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The Measurable Marketing Manifesto
When it comes to Internet Marketing, far too many marketers talk the talk but don't really walk
the walk. The sad truth is the lion's share of many Internet Marketing campaigns go unmeasured.
The magic of Internet Marketing comes in knowing where your audience came from and where they're
going. Understand people's intentions and set up a dialog that addresses those intentions directly.
It is critical for any self-respecting marketer to stay on top of the Web Metrics and Analytics
field in order to know what's really going on.
In order to do so, let me suggest you subscribe to my Web Digest For Marketers email newsletter
since we cover this critical aspect of Internet Marketing with regularity. Other aspects of Internet
Marketing we cover are (SEO) Search Engine Optimization, Advanced Email Marketing, (CRM) Customer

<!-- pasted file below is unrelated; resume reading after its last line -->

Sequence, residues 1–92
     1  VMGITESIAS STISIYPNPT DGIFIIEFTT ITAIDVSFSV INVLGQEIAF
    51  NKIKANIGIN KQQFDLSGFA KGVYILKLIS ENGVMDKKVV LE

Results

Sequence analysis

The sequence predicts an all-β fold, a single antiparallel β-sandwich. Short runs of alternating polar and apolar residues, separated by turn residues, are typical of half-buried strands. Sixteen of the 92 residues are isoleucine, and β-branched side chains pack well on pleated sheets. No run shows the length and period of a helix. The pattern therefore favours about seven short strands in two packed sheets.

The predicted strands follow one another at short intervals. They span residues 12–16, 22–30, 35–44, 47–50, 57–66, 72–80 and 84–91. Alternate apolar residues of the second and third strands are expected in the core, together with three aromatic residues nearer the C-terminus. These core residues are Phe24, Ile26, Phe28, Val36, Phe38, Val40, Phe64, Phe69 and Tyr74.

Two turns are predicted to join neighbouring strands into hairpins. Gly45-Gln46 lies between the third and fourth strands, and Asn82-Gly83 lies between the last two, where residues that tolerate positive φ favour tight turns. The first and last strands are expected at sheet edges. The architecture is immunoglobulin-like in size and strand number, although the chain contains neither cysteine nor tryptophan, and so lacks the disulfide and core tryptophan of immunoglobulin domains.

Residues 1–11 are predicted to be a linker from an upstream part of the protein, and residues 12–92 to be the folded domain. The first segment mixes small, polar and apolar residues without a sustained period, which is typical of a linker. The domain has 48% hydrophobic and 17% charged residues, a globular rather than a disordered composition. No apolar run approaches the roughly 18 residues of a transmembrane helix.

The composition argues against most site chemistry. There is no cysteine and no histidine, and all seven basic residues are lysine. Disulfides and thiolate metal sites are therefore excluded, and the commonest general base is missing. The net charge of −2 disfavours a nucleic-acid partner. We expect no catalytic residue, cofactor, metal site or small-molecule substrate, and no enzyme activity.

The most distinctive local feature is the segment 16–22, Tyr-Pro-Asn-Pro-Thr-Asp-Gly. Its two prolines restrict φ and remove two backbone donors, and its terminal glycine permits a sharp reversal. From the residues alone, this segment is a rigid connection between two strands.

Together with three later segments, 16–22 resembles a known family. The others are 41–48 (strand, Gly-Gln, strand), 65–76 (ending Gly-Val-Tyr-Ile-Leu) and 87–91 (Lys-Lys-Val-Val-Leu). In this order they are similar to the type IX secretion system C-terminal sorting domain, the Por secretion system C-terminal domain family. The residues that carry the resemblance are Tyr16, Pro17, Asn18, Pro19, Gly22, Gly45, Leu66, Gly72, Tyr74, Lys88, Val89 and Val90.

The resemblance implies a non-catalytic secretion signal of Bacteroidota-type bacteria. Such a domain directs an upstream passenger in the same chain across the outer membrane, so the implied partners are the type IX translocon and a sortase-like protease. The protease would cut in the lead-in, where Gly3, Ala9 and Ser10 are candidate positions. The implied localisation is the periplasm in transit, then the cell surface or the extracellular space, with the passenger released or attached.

Relationship Management, (PPC) Pay-Per-Click, RSS and Blog Marketing, et al.
Here now is my Measurable Marketing Manifesto.
Time was when traditional marketers pooh-poohed Internet marketing by saying it wouldn't be
ready for prime time until full-motion video reached critical mass online. They figured full-motion
video was needed to blast TV commercials down the throats of onliners. It didn't turn out that
Then traditional marketers pointed to the dot com crash and said that was the end of that, but
it wasn't, of course. Internet marketing came back with a vengeance. Now it's taking big bites
out of traditional media budgets.
Nothing is forever in media, not chemical-based photography, not newspaper classifieds, not
anything. Media is an arm of high tech, and high tech changes. Some high tech changes overnight,
while some—like groove recordings and radio—may take 60 or 100 years.
In the early days of Internet marketing, it was mostly high tech firms that included it in the
marketing mix, because there was a built in affinity between the product or service being sold
and the medium through which it was being marketed. But now large firms like Chrysler put more
dollars and attention online. As well they should, given how many people research cars online.
You might as well meet your customers where they live.
Below are my Top 10 Rules that make up this Measurable Marketing Manifesto. Enjoy.